Up front, Sainz now had a golden opportunity to convert his lead into the first non-Red Bull win of 2024, with Norris up to second ahead of Leclerc, Piastri, Russell and Perez, as Stroll, Tsunoda, Hamilton and Alonso rounded out the final points-paying positons.

With the lap charts yet to hit double figures, soft-tyre starters Hamilton, Ricciardo and Zhou all pitted to take on hards, with Russell the first of the front-runners to ditch mediums for hards and Bottas enduring yet another slow pit stop amid wheel nut issues.

2024 Australian Grand Prix: Pole-sitter Verstappen leads away from Sainz on the race start at Albert Park

Sainz had built a solid three-second lead by Lap 10, when Leclerc and Piastri both pitted to swap to hards, while replays picked up Hamilton experiencing another moment as he ran wide at Turn 1 and took a trip over the grass before gathering the car and continuing on his way.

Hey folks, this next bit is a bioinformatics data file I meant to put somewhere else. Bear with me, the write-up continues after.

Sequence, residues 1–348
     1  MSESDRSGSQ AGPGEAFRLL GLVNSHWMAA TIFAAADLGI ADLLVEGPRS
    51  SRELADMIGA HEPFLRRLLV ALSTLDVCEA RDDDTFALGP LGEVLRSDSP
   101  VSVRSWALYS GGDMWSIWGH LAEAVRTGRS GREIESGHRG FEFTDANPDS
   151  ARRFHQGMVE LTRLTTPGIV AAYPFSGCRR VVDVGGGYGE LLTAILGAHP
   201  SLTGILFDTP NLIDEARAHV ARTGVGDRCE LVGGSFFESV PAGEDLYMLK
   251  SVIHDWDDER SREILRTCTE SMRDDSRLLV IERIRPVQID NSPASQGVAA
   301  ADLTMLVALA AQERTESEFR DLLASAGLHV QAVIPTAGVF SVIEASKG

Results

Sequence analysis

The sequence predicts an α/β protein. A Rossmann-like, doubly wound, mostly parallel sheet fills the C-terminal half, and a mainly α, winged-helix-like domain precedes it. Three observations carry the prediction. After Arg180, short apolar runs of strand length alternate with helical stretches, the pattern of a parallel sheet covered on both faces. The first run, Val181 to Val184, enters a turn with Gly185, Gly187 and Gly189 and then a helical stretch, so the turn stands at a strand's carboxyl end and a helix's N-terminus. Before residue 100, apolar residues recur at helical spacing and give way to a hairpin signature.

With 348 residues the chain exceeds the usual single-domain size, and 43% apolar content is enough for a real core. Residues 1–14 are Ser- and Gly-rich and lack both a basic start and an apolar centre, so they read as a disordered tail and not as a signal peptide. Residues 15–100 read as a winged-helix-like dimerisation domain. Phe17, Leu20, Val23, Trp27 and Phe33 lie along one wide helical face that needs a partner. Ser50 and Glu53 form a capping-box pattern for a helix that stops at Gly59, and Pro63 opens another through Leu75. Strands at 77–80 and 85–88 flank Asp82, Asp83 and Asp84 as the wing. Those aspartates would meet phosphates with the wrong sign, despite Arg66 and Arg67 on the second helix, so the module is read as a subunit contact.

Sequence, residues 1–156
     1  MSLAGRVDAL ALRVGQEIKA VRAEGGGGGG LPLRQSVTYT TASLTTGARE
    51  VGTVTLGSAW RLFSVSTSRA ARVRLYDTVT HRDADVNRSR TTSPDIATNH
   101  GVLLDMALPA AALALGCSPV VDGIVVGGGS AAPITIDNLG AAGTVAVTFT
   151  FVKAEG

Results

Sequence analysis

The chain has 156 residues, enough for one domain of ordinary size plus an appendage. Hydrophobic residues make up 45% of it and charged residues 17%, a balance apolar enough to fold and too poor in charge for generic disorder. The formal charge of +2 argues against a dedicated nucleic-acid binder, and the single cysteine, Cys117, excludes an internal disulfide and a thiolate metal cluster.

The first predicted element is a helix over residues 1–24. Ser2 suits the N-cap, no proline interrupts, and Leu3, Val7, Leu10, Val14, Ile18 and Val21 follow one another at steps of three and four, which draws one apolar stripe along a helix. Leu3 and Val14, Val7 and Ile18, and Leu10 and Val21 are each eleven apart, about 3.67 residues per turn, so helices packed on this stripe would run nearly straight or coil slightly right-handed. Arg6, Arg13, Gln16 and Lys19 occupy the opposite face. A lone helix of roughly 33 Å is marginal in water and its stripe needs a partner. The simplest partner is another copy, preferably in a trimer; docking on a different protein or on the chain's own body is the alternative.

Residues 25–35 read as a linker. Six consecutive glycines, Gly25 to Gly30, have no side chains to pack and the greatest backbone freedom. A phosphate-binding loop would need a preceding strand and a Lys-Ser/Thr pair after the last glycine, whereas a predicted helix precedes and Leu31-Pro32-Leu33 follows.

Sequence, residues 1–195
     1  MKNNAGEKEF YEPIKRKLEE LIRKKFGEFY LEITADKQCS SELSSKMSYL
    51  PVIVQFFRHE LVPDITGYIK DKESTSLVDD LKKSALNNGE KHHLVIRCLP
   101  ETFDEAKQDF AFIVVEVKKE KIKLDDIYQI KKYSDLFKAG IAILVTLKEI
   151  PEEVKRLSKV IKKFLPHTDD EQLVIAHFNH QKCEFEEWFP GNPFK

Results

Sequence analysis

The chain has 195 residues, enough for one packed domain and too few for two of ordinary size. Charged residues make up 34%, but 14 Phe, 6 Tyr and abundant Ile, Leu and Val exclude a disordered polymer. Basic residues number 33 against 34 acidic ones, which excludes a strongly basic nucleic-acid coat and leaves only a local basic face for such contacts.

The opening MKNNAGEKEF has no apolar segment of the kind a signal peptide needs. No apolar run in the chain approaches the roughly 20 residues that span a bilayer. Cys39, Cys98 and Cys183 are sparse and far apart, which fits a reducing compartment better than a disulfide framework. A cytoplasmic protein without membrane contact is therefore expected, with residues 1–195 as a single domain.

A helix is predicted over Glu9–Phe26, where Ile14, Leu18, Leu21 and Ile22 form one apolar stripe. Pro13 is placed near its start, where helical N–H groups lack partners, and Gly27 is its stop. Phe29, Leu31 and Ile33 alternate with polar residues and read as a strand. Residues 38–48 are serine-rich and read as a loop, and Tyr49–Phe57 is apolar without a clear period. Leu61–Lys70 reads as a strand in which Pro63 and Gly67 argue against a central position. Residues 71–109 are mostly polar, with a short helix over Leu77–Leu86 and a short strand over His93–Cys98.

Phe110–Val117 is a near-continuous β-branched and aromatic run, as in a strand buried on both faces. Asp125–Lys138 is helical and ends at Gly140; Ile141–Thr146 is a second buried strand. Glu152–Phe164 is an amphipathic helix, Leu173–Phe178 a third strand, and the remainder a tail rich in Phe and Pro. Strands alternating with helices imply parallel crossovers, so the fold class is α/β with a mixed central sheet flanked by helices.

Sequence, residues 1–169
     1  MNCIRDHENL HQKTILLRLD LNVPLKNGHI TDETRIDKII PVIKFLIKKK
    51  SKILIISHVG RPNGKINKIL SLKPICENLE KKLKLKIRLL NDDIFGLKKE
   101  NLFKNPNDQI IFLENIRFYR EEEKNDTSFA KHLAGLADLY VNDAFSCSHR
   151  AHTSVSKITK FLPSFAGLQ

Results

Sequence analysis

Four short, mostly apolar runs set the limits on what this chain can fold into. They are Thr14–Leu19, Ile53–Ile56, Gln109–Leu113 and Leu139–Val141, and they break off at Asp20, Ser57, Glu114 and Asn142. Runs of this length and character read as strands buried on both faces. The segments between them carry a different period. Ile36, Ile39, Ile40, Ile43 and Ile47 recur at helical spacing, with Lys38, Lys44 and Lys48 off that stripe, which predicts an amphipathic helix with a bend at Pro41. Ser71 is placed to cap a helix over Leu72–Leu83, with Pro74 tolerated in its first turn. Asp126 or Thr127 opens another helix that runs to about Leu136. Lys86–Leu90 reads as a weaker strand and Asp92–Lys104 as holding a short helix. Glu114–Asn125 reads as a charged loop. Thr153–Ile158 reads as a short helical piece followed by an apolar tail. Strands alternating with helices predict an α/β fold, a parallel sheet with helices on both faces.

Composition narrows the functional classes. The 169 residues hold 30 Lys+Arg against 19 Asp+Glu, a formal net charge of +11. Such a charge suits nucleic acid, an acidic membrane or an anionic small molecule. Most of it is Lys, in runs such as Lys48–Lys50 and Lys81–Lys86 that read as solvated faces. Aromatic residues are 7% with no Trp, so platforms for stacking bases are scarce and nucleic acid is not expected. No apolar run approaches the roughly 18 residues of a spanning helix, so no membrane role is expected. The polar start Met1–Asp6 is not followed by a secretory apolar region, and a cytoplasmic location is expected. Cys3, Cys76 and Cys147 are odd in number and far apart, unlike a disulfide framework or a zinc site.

“You’re doing a mega job out there,” was the message to Sainz from the Ferrari pit wall as the Spaniard stretched out his first stint, with Norris following suit and data predictions suggesting that both Leclerc and Piastri were set to jump the Briton.

FACTS AND STATS: Ferrari make it 10 wins in Melbourne as Mercedes end 62-race scoring streak

Perez, Alonso, Hulkenberg and Gasly were the other four drivers yet to pit at the 15-lap mark, with the sole remaining Red Bull driver expressing his fears about tyre degradation over the radio amid the higher air and track temperatures.

At the end of Lap 15, Norris and Perez both decided that enough was enough as they completed the move from medium tyres to hards, with the former coming back out in fifth, having lost places to Leclerc and Piastri, and Perez rejoining in 10th, just ahead of Hamilton.

Sainz finally pitted from the lead on the 16th tour, swapping to hards and returning to the track a couple of seconds behind Alonso, just as Hamilton reported an engine failure and came to a halt at the side of the track, bringing out a Virtual Safety Car.

Red Bull Racing's Dutch driver Max Verstappen (C) walks back to the garage after smoke billowing

Verstappen’s hopes of victory went up in smoke as he retired after just three laps